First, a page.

The ABC spoke to experts and former Murray-Darling Basin Authority officials who said the Murray-Darling Plan was now putting irrigators before the environment.

Four Corners reported that some of the beneficiaries of the scheme were partly foreign-owned corporations that had used the money to plant thirsty cotton and nut fields along the river system.

“That program was supposed to reduce the amount of water that was going to irrigation, when it’s actually increased the opportunities for irrigation … all subsidised by taxpayers,” former Murray-Darling Basin Authority director Maryanne Slattery told Four Corners.

“I think Australian taxpayers will be really shocked to find out that that money is actually going to foreign investors as well.”

Ms Simson said today that farmers had to return water to the environment in order to access an Murray-Darling infrastructure access scheme.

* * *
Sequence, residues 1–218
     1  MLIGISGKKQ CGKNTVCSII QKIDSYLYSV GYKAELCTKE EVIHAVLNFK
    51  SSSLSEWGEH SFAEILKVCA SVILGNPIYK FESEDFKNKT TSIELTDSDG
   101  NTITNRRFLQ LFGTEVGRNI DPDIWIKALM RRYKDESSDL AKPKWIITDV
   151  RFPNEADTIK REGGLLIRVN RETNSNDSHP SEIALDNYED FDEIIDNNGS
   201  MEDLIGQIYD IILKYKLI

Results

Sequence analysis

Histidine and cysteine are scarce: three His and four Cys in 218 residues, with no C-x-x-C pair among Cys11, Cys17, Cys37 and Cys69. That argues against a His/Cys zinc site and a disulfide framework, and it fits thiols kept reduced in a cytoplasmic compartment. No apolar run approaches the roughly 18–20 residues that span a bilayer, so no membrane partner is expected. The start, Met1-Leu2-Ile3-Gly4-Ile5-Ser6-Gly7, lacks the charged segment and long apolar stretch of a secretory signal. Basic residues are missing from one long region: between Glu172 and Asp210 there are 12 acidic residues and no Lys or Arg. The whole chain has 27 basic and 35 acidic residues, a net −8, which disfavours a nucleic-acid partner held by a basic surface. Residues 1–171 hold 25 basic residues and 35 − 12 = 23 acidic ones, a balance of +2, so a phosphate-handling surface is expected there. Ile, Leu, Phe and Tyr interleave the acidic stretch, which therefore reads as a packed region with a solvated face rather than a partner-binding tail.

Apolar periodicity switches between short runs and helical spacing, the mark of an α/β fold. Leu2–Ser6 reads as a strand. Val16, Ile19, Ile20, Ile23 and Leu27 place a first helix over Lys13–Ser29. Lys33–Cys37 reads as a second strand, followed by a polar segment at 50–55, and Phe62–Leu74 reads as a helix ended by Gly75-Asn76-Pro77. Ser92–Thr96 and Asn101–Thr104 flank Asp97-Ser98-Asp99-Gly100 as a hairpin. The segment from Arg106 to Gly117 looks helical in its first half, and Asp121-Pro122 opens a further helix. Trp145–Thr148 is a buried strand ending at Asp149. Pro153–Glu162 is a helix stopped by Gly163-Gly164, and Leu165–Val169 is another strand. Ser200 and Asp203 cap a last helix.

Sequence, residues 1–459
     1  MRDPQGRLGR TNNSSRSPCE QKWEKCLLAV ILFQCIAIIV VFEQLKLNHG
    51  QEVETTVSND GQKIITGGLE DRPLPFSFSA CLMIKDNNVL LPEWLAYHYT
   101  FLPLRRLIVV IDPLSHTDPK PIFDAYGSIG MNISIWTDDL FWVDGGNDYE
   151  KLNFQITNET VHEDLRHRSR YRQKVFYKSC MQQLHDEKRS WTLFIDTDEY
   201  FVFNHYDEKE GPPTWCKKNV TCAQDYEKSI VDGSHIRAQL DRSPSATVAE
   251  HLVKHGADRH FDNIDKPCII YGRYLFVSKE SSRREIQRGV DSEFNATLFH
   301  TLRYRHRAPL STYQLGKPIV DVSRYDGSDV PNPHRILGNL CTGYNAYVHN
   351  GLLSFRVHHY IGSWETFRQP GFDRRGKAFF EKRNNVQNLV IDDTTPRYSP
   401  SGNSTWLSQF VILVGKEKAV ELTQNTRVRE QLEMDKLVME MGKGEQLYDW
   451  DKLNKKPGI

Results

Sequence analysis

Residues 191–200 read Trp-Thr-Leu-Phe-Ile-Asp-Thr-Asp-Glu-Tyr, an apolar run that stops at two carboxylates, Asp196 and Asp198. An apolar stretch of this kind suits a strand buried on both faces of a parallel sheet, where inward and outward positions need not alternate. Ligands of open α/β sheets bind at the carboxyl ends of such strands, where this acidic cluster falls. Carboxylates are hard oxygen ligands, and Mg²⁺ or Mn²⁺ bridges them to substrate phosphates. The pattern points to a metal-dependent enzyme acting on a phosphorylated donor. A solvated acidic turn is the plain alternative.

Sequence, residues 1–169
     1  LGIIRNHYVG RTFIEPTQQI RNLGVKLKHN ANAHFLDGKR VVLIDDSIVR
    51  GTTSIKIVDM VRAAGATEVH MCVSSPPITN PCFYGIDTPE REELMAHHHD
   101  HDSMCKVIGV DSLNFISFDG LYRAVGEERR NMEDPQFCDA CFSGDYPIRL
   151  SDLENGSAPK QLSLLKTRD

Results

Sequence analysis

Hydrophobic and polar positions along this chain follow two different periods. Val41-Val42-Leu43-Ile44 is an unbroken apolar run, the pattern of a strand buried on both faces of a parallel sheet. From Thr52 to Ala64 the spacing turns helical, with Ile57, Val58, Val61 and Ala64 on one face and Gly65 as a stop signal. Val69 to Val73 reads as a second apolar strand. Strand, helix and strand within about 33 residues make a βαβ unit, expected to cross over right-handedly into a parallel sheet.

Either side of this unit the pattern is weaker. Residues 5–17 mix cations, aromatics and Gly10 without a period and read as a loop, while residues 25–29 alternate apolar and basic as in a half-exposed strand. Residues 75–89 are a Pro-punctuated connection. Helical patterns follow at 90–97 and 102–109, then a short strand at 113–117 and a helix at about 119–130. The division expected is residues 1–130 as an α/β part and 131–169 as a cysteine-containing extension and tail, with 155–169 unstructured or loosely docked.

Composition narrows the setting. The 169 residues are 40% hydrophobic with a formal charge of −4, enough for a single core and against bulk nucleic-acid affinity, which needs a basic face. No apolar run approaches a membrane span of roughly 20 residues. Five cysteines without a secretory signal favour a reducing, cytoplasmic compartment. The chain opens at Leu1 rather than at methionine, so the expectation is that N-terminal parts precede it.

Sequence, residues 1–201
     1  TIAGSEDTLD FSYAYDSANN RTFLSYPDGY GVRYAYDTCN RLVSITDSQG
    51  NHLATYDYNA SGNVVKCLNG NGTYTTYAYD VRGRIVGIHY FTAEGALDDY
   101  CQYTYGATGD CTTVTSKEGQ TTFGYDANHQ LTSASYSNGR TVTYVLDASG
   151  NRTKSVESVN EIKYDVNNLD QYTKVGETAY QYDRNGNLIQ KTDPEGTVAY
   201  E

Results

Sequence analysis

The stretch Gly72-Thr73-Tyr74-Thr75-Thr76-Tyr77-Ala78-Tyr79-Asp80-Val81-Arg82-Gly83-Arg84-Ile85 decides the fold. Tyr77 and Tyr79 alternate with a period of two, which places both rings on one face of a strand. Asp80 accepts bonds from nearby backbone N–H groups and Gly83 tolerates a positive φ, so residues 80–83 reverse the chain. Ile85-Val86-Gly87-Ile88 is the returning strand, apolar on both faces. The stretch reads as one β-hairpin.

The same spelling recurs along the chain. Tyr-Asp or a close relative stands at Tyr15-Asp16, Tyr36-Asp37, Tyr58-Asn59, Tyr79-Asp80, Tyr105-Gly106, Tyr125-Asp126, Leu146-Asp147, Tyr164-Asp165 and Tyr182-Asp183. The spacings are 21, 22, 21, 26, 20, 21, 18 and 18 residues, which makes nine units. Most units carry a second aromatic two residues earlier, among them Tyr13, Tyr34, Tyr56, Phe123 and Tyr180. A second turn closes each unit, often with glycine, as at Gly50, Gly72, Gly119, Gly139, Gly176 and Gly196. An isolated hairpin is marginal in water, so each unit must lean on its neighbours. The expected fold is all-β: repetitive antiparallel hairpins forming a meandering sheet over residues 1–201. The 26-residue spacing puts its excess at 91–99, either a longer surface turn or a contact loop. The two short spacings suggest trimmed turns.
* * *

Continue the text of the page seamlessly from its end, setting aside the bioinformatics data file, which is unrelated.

A spokesman for Mr Littleproud said the government had moved against speculators in the water market and had invested more than $60m in compliance.

The Coalition is proud to invest in water efficiency projects because they return water to the river system while protecting rural jobs and communities rather than decimating them as water buybacks do,” Mr Littleproud’s spokesman said.

“It is unfortunate Four Corners did not mention this crucial fact … The office of Minister Littleproud was not contacted for the Four Corners story.”


Labor still dithering over policy and political strategy

Stuck between socialist dreams and winning elections

Richard Marles, Labor’s deputy leader, told me a fortnight ago that the party was going through a “grieving process”. It would take some time before fully comprehending the reasons behind its shock election defeat and settling on a policy and political strategy for the next few years.

Marles is right about the need for Labor to examine comprehensively why it failed to win key seats and suffered huge swings in many of its held seats, keeping many with only slim margins. But Labor cannot afford to remain in the doldrums for long. Its policy and political strategy during the past month has been a mess.

The Coalition racked up a major political win with the passage of its $158 billion tax cuts through the parliament. The government was able to negotiate the legislation through the Senate with the backing of four crossbenchers, sidelining One Nation and the Greens, and not needing Labor’s support.